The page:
What's next for college football as Big Ten, Pac-12 cancel fall season
In an anticipated decision made Tuesday, the Big Ten announced the postponement of fall sports, meaning that stadiums like Ohio Stadium will be completely empty this fall, of fans and players. Photo by Peter Burtnett, ISM.
Saturdays will be radically different in the sports world this year, as the Big Ten and Pac-12 announced the postponement of their fall seasons, with the other Power 5 conferences likely only a matter of time from following suit.
Although the ACC, Big 12 and SEC have been hesitant to postpone their season, it seems that Saturdays will be void of college football this fall.
With the drawback that this decision has already received and the repercussions that are yet to come, where does college football go from here? Is a spring season even viable? What will come out of this potentially history-altering decision?
To address the beginning of the first question, the drawback has been many players spreading #WeWantToPlay and coaches pushing for the season to be played, the split between the system of the NCAA and the players seems likely to grow even more.
A possible repercussion that also could develop is the formation of a Player's Association, which could be the last piece as college athletes will finally be able to receive compensation for their name, image and likeness (NIL) starting in the 2021-22 year.
This player's association would allow for the athletes to have a voice and actually be listened to, something that the NCAA has pushed away for years. With the formation of a united front of players, decisions like the one made by the Big Ten and Pac-12 would consider the opinions of the athletes.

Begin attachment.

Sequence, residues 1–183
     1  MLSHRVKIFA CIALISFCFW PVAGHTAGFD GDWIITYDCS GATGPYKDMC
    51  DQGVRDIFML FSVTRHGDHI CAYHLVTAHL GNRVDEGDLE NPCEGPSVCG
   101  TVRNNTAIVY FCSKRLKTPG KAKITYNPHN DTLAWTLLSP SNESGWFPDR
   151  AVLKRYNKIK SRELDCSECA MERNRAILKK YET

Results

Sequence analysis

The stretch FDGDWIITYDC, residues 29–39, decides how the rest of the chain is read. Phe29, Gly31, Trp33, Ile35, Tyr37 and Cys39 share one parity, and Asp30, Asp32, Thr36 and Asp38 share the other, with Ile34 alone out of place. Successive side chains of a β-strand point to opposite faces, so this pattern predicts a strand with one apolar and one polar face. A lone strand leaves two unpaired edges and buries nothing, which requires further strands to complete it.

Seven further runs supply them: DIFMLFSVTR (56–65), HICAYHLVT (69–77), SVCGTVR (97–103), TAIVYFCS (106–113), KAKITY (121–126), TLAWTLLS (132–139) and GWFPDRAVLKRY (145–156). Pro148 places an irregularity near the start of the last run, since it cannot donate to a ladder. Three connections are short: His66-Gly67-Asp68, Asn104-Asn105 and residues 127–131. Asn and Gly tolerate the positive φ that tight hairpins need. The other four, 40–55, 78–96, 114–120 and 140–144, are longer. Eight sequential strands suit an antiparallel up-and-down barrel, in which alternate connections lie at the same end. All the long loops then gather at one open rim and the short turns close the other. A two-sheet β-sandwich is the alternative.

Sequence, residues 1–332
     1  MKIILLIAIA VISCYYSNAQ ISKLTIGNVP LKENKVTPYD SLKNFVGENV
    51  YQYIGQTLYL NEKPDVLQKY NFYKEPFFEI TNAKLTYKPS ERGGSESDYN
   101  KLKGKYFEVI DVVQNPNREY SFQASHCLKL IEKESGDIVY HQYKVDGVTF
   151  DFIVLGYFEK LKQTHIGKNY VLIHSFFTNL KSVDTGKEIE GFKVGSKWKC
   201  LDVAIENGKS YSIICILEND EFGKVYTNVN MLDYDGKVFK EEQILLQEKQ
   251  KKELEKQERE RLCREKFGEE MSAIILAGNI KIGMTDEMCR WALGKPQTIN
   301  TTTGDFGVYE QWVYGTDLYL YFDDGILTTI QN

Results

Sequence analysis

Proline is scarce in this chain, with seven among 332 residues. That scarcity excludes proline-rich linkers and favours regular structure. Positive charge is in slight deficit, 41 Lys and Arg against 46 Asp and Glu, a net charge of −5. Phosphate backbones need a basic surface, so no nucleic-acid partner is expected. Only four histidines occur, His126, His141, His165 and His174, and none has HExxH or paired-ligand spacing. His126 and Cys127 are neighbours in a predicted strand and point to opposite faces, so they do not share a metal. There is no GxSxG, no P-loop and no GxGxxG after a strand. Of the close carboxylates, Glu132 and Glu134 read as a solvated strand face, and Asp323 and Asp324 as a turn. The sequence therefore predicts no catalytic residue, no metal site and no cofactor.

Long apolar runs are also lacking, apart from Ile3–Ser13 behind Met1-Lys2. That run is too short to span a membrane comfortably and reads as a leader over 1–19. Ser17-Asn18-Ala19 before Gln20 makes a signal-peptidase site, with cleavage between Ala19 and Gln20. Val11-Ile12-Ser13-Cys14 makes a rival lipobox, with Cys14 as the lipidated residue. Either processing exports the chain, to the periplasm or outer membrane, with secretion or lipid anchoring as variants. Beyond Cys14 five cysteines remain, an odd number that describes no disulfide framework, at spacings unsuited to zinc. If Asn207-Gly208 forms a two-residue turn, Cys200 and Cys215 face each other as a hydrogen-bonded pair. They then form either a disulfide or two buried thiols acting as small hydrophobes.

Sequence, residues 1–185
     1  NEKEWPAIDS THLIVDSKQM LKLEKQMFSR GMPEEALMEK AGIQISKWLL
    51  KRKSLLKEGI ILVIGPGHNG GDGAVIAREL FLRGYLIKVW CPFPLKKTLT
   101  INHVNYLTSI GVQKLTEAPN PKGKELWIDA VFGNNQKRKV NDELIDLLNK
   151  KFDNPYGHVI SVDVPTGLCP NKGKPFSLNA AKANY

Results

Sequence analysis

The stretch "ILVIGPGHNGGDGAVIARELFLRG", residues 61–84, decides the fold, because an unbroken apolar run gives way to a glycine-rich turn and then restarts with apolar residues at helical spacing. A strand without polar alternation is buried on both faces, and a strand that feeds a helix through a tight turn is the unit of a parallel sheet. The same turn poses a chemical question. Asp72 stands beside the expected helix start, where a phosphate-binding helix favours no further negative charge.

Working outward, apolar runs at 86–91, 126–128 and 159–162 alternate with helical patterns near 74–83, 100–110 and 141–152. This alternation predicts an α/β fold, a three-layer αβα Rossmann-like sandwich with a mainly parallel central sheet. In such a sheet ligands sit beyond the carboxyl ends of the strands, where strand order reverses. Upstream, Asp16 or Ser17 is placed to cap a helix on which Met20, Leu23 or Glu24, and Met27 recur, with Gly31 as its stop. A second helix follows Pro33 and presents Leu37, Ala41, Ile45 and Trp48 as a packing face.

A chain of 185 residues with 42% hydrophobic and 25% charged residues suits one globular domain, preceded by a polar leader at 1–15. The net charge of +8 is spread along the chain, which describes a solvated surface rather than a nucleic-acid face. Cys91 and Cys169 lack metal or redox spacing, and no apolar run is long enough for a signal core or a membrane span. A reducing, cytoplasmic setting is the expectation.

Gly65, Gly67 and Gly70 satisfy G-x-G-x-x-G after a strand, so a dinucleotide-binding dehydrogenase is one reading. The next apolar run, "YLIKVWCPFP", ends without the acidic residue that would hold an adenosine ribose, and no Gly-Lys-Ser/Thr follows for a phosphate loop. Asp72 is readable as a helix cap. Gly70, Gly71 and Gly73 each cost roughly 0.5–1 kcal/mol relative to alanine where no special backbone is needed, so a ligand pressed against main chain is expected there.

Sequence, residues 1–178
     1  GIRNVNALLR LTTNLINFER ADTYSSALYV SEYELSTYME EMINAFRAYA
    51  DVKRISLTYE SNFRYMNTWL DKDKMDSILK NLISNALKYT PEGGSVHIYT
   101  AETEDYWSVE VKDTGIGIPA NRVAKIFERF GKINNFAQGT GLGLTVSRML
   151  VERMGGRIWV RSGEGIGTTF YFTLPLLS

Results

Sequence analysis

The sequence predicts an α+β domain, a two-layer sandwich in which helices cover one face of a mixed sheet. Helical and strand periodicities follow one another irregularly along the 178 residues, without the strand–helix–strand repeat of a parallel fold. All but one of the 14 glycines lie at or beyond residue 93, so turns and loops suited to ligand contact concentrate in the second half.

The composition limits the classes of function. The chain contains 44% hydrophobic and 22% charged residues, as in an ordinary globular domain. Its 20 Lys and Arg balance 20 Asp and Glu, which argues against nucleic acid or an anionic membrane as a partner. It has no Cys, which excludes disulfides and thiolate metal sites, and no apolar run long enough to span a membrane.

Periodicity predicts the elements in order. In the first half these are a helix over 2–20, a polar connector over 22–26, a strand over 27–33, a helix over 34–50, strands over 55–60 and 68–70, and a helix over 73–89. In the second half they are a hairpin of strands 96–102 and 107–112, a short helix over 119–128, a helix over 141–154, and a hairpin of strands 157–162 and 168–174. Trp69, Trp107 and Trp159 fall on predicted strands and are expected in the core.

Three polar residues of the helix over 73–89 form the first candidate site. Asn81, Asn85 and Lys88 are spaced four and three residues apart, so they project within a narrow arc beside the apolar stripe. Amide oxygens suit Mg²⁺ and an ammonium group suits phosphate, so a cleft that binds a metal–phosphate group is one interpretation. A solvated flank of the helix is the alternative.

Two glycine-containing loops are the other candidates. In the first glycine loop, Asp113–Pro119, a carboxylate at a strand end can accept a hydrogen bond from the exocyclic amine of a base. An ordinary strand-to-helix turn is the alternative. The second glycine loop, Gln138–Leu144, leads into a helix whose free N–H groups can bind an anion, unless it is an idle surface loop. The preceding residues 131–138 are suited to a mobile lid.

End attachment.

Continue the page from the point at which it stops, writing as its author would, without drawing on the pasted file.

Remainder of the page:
Moving forward, college football teams and conferences must determine whether practice will be allowed to continue, and will consult with medical experts on how to conduct those practices, keeping the health and well-being of the student-athletes at the forefront.
If teams do continue to practice, a spring season would be an option if the COVID-19 situation is finally deemed "safe," but that option has challenges with or without COVID-19 concerns.
Assuming the NFL keeps their standard calendar with the draft next April, it as close to a sure thing that top (and even mid-level) prospects would opt-out of the season, leaving rosters like Alabama, Ohio State and Clemson full of back-ups.
In response to whether a spring season would be viable, I say no, for the reason stated above AND because playing two seasons before the end of 2021 seems unlikely and foolish.
Finally, this decision expands the divide between leadership at the NCAA (and conferences) and the players and coaches who devote large parts of their lives to playing and coaching college football. It's sad to see that when players and coaches were loudly saying they still wanted to find some way to play this fall, the leadership in the Big Ten and Pac-12 said "we give up."